The one thing I can say is that, while lurking, I've seen things I both agree and disagree with being hidden or cut. For example, some examples had gotten hidden purely on account of being ZCEs, rather than for lack of proper citation, and I think that's an important distinction to make. Of course, I might be a bit strict on what does and does not constitute proper context, but I think the general idea is that in some cases, while we may know a trope occurs, "Trope Happens" is never considered proper context, and if there's no way to add proper context yet...
I guess what I'm trying to say is, there's been a lot of unnecessarily strict rule enforcement, but lacking context is always a valid reason to hide an example, and it just so happens that a lot of tropes are hard to give proper context for, if the work hasn't been released yet.
Well said. I've said over and over again that the problem is often not that we don't know whether a trope will apply, it's that we don't know enough about how and why it applies to give an entry full context.
I strongly disagree with the proposed "reasonable doubt" standard, simply because there is no agreement or proposed standard on what a "reasonable doubt" is.
As for Pokemon Masters, at the time that discussion was happening it wasn't even known whether the version being released in Singapore actually was the final version of the game; most sources were referring to it as some kind of feature-limited preview build, and the nature of those limitations was yet unknown. People were pushing for a page to be created now now now, before things had a chance to settle down and details could be made clear.
That's why bright-line rules like "only tropes actually present in materials to which the public has access are valid" are necessary. Because while individually most tropers have the best of intentions, there's always somebody who's that excited about their personal favorite highly-anticipated work to throw all reason to the winds.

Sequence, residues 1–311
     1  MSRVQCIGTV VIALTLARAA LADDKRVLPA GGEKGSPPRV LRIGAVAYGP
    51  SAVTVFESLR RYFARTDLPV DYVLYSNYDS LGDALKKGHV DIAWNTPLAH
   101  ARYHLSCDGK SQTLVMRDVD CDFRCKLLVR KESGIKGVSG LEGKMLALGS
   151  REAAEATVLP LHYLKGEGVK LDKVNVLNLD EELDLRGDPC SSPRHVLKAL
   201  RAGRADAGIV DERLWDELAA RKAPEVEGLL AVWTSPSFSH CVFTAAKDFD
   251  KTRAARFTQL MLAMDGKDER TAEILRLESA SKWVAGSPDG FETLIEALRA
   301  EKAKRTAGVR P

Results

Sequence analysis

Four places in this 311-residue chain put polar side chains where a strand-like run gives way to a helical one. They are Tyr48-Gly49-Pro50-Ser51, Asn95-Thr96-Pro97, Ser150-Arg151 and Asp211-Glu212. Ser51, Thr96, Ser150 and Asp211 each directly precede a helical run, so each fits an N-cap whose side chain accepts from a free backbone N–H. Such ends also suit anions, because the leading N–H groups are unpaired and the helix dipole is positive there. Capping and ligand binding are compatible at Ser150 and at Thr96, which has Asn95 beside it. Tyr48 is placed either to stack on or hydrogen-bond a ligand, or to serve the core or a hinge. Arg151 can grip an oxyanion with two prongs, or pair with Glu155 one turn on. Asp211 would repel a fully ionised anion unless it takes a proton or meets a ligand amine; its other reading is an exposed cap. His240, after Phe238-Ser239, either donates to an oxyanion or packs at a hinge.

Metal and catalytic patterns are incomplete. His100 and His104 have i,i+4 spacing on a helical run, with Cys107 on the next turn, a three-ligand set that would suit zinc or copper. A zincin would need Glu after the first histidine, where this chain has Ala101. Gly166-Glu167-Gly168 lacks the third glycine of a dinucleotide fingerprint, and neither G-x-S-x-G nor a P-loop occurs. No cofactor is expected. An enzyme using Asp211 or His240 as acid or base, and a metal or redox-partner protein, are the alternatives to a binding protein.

You put enough of those people together, and good intentions or not their behavior in aggregate starts to resemble a pack of raptors testing the fences for weaknesses. You make enough exceptions to the policy, and the policy becomes meaningless and folks go right back to spinning wild speculation out of the thinnest of sources.
Edited by HighCrate on Aug 4th 2019 at 9:26:25 AM
That’s a misrepresentation of the parties involved. Most people involved in the discussion had a thought process of “We have information, so no harm in creating the page.” I was definitely willing to lend weight to problems that could arise by having a page visible to an uninformed userbase, in spite of actually having played the game myself.
Edited by ShinyCottonCandy on Aug 4th 2019 at 2:26:08 PM
Yeah, I think the issue boils down to the way people are perceiving the issue. If you see it as people rushing to get a page done just to have a page, then sure, it comes off as unreasonable and silly. If you see it as people trying to follow the spirit of the new rule and trope a work that has been released, then trying to prevent said page is what seems silly and unreasonable.
HighCrate, I understand your point of view, as I too thought that pre-release works shouldn't even be troped. But I think you're letting your own personal feelings about the situation color your perception of events. I don't think there's anything wrong with making a page for a work that may only be available in a corner of the globe, as a released work is automatically fair game for a work page so long as the page follows pre-existing rules and the work isn't porn.
What the real problem is, is that the work exists. It's been released. There's footage of this work. This is less about unreleased works and more about the idea that people shouldn't trope a work they've not directly experienced, and that's something I disagree with you on. As long as the examples are written objectively and can be verified by others who of the work, does it really matter where the information came from? (That is, if the information isn't from external sources, but the work itself).